To understand is to be on the outside | Chuang Tzu, 476–221 BC

Zhuangzi contemplates waterfall

“Happiness is the absence of the striving for happiness.”

"To be truly ignorant, be content with your own knowledge."

"We are born from a quiet sleep, and we die to a calm awakening"

"Cease striving. Then there will be transformation."

"Where can I find a man who has forgotten words? He is the one I would like to talk to."

"It can be passed on, but not received. It can be obtained, but not seen."

"All men know the use of the useful, but nobody knows the use of the useless!”

"You can't discuss the ocean with a well frog - he's limited by the space he lives in. 
You can't discuss ice with a summer insect - he's bound to a single season."

"To forget the whole world is easy; to make the whole world forget you is hard."

“The Perfect Man uses his mind like a mirror - going after nothing, welcoming nothing, responding but not storing.”

“The little child learns to speak, though it has no learned teachers - because it lives with those who know how to speak.”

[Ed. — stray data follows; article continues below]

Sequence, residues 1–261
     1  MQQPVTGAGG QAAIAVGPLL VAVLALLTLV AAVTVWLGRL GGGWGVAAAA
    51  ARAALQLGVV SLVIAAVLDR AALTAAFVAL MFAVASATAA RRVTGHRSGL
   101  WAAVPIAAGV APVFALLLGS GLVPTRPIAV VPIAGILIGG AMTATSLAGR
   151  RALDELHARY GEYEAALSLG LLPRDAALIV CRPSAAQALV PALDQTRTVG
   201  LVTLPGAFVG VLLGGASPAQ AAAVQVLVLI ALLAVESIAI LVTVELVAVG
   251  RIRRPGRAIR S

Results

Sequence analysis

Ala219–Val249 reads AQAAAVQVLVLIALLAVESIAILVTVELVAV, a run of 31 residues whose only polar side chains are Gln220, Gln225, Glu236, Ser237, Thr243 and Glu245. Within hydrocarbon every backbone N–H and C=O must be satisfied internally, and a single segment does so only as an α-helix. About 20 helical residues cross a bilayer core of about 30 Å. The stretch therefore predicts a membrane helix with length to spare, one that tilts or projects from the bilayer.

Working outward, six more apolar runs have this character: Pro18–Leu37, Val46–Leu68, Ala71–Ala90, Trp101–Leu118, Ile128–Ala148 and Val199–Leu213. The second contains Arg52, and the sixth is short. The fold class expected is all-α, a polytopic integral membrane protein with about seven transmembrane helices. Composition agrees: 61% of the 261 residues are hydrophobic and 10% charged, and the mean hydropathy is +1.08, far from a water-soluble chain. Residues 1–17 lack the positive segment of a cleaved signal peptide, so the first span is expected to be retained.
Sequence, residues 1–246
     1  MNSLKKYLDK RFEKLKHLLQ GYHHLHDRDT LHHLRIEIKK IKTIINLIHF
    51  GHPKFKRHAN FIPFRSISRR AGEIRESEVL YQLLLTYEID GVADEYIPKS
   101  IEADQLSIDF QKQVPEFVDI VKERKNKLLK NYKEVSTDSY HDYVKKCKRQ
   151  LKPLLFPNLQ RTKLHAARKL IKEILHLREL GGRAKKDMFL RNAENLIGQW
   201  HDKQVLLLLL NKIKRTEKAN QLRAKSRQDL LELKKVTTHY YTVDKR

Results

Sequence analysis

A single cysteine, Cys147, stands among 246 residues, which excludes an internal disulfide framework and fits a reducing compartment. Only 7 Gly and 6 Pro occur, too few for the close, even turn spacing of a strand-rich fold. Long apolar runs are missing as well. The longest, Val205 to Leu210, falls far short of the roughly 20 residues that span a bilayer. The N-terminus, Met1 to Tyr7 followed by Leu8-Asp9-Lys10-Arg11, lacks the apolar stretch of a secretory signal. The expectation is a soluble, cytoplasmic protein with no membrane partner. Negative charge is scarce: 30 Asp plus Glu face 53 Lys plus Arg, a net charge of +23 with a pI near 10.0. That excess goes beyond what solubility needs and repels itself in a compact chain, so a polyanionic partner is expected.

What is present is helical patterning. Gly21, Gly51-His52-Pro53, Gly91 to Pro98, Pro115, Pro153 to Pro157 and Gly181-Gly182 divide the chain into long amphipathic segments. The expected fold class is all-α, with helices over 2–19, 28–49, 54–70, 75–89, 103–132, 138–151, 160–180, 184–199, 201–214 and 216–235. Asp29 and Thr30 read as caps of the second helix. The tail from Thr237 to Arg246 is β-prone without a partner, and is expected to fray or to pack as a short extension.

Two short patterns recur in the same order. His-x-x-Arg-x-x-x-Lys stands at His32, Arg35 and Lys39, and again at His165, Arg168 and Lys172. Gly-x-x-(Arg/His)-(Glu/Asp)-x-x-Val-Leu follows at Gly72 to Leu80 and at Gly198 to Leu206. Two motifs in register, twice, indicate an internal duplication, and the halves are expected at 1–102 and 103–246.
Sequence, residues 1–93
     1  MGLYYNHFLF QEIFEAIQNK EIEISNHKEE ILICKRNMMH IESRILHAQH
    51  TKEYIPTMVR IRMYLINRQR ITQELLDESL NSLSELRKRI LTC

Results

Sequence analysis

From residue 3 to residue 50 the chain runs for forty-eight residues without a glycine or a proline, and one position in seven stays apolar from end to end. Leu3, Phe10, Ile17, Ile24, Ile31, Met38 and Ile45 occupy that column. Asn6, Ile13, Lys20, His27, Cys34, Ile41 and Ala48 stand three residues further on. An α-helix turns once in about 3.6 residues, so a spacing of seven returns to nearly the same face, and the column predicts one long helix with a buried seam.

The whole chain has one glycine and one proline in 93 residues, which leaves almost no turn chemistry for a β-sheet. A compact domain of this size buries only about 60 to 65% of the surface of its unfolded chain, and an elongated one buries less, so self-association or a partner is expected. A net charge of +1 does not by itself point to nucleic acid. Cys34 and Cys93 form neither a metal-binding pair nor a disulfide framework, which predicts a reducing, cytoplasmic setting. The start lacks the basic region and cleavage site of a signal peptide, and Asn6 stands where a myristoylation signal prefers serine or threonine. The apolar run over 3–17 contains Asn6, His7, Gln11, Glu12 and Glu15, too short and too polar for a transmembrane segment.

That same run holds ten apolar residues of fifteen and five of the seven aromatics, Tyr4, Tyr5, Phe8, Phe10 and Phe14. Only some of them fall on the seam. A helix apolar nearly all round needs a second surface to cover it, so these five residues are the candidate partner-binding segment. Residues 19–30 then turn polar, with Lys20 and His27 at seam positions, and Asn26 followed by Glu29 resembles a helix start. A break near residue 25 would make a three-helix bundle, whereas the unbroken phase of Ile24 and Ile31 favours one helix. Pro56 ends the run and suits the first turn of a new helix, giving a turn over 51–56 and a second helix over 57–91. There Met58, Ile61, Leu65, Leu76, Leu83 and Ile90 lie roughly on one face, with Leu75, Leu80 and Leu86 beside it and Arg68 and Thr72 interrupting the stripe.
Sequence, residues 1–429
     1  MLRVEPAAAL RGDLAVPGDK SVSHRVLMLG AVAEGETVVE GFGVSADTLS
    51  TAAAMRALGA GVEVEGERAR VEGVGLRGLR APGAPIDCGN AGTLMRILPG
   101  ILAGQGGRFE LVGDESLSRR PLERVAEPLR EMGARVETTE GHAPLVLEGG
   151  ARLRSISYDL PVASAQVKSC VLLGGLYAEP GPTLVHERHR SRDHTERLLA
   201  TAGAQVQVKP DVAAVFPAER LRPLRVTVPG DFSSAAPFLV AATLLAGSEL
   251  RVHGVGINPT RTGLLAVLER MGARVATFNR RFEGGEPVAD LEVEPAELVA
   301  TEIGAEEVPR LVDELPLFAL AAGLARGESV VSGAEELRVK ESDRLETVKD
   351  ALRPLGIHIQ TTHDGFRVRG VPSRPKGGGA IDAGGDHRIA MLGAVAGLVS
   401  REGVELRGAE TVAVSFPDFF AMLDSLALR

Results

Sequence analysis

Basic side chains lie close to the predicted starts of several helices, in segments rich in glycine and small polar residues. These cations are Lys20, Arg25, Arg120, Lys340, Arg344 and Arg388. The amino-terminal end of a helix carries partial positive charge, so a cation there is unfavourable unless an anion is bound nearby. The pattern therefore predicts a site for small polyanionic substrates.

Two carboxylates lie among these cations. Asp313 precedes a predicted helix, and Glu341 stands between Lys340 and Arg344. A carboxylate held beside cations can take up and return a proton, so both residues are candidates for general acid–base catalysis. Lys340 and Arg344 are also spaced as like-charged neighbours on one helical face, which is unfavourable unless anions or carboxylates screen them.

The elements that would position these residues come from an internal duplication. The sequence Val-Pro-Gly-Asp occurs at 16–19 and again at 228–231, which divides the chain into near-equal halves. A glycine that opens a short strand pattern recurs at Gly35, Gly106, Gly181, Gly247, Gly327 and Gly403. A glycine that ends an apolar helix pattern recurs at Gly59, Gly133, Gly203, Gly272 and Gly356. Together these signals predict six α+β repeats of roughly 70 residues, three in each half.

"He who steals a belt buckle pays with his life; he who steals a state gets to be a feudal lord."    

“Understanding that rests in what it does not understand is the finest.”

“Not to understand is profound; to understand is shallow. Not to understand is to be on the inside; to understand is to be on the outside.”

“Your life has a limit, but knowledge has none. If you use what is limited to pursue what has no limit, you will be in danger.”

"Cherish that which is in you and shut out that which is without, for much knowledge is a curse."

"The sound of water says what I think."

“He sees in the darkest dark, hears where there is no sound. In the midst of darkness, 
he alone sees the dawn; in the midst of the soundless, he alone hears harmony.”

The Spirit Tower has its guardian, but unless it understands who its guardian is, it cannot be guarded.”

Zhuangzi, The Book of Chuang Tzu, 476–221 BC 

Daoist painting
Manuscript of Tian Yun Volume of Zhuangzi, 8th century 
Zhuang Zi  book, The First Chapter, 369-286 BC

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